Themes and Characters

(Beacham's Guide to Literature for Young Adults)

Red Planet opens with Jim and Frank paying a visit to their friend Doc MacRae on the eve of their departure for school in Syrtis Minor, a settlement at the Martian equator. Both the school and the settlement are owned by the Mars Company— the organization that headed the original colonizing effort on Mars and continues to control the planet's government.

School proves to be hardly the pleasant experience the boys had expected. The headmaster, Mr. Howe, demands conformity and absolute obedience of his pupils—just as the Company does of the colonists. Jim and Frank soon learn that the Company's plan for Mars will not only whittle away the colonists' liberties and rights, but will actually threaten their lives.

Both Jim and Frank are adventurous, independent, and well-adapted to life on Mars. The only subject on which they disagree is Willis, a childlike Martian creature who repeats, word for word, whatever he hears people say. Jim trusts Willis as a friend and treats him like an intelligent being; Frank considers Willis a pet, an animal with few or no capabilities beyond mimicry. Frank eventually comes to appreciate Willis, but his original doubts reflect Heinlein's belief that hasty judgments are unfair and often dangerous. Jim, too, is often wrong in his analysis of Willis's behavior patterns—not because he is prejudiced, but because he cannot conceive of the kind of life an "alien" might lead.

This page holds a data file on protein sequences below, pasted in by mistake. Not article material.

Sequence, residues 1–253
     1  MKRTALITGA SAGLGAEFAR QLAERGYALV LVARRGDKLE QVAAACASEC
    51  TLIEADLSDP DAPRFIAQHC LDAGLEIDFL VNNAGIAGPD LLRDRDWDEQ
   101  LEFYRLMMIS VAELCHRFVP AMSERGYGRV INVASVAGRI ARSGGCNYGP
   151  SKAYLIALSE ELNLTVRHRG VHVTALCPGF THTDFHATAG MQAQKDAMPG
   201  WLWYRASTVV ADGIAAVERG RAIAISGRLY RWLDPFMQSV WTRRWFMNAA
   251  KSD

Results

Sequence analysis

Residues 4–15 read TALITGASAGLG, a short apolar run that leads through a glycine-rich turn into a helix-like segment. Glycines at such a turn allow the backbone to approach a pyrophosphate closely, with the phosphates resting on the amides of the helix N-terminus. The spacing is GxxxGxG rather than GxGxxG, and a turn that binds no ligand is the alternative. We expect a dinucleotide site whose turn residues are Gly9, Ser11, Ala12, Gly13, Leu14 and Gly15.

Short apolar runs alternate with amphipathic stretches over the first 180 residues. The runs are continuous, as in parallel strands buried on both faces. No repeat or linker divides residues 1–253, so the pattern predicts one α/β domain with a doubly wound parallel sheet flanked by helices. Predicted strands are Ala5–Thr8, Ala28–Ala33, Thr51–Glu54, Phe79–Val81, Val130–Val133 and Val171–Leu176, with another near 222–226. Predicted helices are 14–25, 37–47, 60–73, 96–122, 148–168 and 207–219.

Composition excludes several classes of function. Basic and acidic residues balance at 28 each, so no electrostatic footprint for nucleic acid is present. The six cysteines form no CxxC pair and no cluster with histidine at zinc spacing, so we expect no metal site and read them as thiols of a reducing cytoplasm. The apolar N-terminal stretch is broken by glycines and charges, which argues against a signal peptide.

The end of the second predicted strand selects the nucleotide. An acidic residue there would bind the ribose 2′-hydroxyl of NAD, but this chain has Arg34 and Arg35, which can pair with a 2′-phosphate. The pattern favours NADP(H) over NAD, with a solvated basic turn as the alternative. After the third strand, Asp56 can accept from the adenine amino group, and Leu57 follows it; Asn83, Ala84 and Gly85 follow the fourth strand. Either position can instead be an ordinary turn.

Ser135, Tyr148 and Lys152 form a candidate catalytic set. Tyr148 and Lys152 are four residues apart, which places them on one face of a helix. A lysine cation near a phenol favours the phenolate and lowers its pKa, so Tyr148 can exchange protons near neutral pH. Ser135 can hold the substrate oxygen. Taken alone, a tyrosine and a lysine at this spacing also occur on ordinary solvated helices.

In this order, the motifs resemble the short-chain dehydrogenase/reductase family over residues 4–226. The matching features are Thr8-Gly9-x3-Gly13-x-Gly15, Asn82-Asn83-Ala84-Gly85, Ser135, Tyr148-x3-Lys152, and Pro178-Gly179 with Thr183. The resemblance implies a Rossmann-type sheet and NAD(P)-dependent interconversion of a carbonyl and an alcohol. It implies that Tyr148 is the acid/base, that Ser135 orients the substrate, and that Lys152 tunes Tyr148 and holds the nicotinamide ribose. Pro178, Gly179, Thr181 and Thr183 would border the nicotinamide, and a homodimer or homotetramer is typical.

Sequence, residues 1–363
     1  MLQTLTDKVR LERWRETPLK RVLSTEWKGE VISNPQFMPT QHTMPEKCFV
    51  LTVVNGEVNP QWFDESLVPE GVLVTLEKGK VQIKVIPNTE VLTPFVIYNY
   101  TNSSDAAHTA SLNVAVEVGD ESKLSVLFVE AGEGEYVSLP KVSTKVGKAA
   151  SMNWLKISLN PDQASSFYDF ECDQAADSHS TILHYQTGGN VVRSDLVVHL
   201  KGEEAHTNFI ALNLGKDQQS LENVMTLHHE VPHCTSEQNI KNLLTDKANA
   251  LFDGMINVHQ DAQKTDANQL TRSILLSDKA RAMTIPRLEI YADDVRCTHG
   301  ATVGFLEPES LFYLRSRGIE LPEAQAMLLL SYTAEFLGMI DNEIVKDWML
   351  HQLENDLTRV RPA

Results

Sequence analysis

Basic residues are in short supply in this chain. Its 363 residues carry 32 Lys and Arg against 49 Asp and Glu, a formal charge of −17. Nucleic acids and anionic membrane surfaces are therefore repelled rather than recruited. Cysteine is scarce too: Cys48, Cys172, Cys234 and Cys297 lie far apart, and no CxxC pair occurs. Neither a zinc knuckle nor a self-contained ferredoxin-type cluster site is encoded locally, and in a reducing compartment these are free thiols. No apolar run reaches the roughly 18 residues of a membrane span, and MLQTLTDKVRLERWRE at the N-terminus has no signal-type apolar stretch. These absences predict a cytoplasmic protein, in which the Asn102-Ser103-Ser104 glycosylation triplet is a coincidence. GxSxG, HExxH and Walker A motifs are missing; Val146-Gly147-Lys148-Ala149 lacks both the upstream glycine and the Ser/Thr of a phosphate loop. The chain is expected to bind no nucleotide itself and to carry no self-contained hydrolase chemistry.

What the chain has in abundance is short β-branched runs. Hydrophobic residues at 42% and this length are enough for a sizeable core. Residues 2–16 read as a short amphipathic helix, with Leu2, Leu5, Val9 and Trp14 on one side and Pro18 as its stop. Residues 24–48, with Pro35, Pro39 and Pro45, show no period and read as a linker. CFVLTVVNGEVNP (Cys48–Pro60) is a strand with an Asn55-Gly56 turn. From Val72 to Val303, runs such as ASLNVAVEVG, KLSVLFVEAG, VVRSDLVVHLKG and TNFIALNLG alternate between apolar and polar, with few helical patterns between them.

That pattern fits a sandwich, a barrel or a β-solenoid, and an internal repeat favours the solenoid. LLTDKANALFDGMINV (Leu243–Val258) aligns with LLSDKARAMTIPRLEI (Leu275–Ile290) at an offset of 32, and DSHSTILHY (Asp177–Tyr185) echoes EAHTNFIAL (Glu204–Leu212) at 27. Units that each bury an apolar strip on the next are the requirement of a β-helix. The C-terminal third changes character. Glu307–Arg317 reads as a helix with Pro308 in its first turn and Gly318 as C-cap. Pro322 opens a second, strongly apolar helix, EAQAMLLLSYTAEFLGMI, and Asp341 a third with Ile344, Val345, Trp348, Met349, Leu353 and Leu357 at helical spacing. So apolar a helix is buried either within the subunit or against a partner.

Since Earth-humans do...

(The entire section is 486 words.)